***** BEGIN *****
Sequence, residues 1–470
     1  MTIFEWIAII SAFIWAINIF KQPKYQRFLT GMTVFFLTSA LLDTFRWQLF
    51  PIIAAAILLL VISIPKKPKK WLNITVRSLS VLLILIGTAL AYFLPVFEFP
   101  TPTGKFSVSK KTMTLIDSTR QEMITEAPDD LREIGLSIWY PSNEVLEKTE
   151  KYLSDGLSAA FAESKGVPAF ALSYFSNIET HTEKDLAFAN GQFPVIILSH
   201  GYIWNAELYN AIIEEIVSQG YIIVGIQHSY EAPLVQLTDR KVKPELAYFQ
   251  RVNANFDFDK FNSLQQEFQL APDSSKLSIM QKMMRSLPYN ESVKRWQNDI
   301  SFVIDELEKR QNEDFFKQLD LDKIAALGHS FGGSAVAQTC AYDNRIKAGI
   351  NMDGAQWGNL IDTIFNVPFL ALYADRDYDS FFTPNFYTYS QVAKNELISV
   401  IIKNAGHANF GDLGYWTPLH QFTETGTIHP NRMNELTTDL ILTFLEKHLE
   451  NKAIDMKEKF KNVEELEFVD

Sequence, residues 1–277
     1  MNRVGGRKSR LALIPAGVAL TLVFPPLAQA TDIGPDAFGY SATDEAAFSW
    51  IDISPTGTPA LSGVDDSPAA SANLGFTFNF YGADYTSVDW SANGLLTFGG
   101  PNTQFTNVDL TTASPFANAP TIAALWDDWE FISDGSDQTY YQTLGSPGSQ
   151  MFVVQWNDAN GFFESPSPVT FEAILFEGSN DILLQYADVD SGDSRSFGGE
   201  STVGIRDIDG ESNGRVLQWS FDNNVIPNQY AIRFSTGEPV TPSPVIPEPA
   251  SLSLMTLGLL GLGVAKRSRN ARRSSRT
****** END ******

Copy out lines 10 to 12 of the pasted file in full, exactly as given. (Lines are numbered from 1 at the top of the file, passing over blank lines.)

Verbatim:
   401  IIKNAGHANF GDLGYWTPLH QFTETGTIHP NRMNELTTDL ILTFLEKHLE
   451  NKAIDMKEKF KNVEELEFVD

Sequence, residues 1–277